AddThis Social Bookmark Button

A "dog blog" about all breeds and issues of importance to people who value the dogs in their lives, with a special emphasis on Search and Rescue dogs, in particular the training of my Newfoundland Dogs

Friday, January 20, 2006


NOTE: to find the famous "my dog is smarter than your honor student" bumper stickers...jog on over to Dogdaze Designs by clicking on the title!!

THE "BASICS" of clicker training

Clicker training basics: the whole key to clicker training is to get the dog to a stage in his training where you can quickly reinforce a behavior that he does in order to tell him that he is "doing something right". The clicker is a substitute for "good dog" and has more meaning because it is very specific to the dog. for example there are dozens of times every day and many situations where you use the words "good dog" (or at least there should be) but when you use a clicker you are working towards the end result of putting the dog into a "learning mode" and in the end he will understand, when you are "clicking" that he has performed a behavior which was correct and he will be rewarded.

Start clicker training with a pile of hot dog treats, beggin strips, cheerios, whatever you think will really turn the dog on. I have seen people use an open jar of cheese whiz and the the handle of a spoon for a scoop......whatever works to "turn your dog on". It may not be food but most of the time food is the most successful thing to use in beginner clicker training. Keep in mind that this is only for the BEGINNING stages of clicker training and in the end is often not at all necessary.

Put your treats or food in a place that is easily accessible, not a pocket that is hard to get into. Find a location that is fairly free of distractions and with no other animals especially dogs, present... your kitchen or living room is fine. begin by clicking the clicker. quickly give the dog a treat. click the clicker again. give another treat. continue for at least five minutes. during this process vary the method in which you give the treat. throw it to the dog. offer it with one hand, then the other....move your body physically to a slightly different place, so that the dog is not sitting still in one spot while this is happening.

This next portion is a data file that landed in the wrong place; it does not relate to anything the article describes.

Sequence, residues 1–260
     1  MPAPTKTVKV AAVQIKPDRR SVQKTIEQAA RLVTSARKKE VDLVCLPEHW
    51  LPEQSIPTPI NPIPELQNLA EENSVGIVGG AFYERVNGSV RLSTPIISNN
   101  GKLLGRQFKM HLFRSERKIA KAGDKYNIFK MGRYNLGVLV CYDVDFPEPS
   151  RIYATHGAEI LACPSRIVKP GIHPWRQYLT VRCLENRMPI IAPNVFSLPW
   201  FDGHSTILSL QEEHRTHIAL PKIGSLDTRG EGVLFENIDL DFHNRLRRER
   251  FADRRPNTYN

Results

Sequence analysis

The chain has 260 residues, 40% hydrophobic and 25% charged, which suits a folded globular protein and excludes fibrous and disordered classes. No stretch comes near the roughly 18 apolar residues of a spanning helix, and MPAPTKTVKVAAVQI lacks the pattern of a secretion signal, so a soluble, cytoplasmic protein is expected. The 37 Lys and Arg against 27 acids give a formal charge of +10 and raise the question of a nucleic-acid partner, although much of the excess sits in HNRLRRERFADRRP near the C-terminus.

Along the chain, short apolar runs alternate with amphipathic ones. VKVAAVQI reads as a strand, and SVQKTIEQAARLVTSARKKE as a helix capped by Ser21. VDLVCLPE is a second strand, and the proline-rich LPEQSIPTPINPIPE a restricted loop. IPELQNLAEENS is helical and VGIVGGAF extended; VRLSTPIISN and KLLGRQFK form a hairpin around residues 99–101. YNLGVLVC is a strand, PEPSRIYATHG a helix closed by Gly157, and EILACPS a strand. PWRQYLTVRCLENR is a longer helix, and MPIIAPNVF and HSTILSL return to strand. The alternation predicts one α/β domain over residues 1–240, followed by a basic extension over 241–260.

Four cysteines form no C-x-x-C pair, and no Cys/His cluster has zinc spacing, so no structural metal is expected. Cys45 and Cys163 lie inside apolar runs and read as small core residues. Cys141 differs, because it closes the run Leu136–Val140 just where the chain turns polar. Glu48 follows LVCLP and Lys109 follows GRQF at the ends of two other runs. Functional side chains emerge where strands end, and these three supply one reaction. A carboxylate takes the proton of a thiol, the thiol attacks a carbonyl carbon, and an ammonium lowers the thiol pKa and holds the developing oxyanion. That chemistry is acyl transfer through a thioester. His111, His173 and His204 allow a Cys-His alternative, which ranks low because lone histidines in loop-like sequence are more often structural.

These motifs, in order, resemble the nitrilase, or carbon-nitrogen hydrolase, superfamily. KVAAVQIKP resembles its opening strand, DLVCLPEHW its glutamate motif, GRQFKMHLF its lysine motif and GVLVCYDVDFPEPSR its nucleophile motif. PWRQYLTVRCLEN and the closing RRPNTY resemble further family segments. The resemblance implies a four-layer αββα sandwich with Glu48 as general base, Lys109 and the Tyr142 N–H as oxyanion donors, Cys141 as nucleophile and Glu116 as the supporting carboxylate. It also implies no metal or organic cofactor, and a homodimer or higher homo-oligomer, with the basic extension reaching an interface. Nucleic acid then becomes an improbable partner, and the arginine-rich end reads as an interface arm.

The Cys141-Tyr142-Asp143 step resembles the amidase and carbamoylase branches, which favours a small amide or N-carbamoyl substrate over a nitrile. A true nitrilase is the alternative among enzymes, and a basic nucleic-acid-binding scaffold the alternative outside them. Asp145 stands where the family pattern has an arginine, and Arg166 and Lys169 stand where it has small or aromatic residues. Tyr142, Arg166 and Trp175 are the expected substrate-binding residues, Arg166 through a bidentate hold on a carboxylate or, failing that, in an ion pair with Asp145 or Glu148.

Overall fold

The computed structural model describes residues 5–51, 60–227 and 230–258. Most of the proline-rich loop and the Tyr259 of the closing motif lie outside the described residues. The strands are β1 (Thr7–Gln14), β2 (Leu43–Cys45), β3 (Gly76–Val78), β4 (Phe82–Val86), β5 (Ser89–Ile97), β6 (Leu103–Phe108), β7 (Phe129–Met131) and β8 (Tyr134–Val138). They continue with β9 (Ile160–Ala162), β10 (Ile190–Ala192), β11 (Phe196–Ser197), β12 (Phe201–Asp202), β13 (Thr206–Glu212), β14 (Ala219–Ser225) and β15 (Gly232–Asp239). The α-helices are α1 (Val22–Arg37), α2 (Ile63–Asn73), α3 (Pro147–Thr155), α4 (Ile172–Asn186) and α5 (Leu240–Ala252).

Soon the dog will be looking for a treat immediately after he hears the sound of the clicker. When you see that he is beginning to move toward you to receive a treat when he hears the are on the right track.

STOP clicking if the dog loses interest and start again later in the day.

Once you have a good interest going and the dog is actually LOOKING AND FOCUSING on the sound of the clicker.....stop clicking and just look at the dog, right in the eyes....he will look back at you like "huh???" "where's the treat??"

At that point you will immediately click when he performs a behavior for you..(that behavior may be one he already knows, such as sitting down and looking up at you) It is a good idea to have in your mind what he will most likely do, and be ready to click immediately when that behavior is performed. then give the treat.

don't worry if it is something he already knows how to do..

What he has done is unique and different for him. He has offered a behavior that he thinks may get him what he is looking for, the CLICK and the ensuing treat. You have not pushed, pulled, or jerked him into performing this behavior. You have also not TOLD him to do this behavior. He has offered this to you....It is like he is saying : "If I do this, will I get the treat??"

You will continue from this point on clicking him for that particular behavior and ignoring all other behaviors....only for a few minutes more, then end the session and put the clicker away for awhile....

Next time start with a few "click/treats" to get him into the learning mode, and then progress to clicking the dog for the behavior he first performed for you (such as sitting down) and THEN having the dog perform a different behavior for you....something perhaps that he does not already know, for example, backing up, or spinning around or pawing with one foot at your leg....anything. Remember you will STOP clicking and only click when he performs this different behavior. what you are doing is showing the dog that he is only going to be rewarded for CERTAIN behaviors....Remember that the way to get him to perform a behavior (at first, in the beginning stages of training) is to simply STOP clicking until he performs the behavior you are looking for. Don't shoot for something complicated. just a simple behavior. all you are doing right now at the beginning is training the dog to 'LEARN' and not really teaching a specific behavior.

that is the basics of the clicker training in a nutshell. Once your dog "connects" to the idea that if he offers certain behaviors, the clicker will tell him if it is the right behavior, and it will be rewarded with a treat..then you are set to go on to all sorts of training. More about this later.....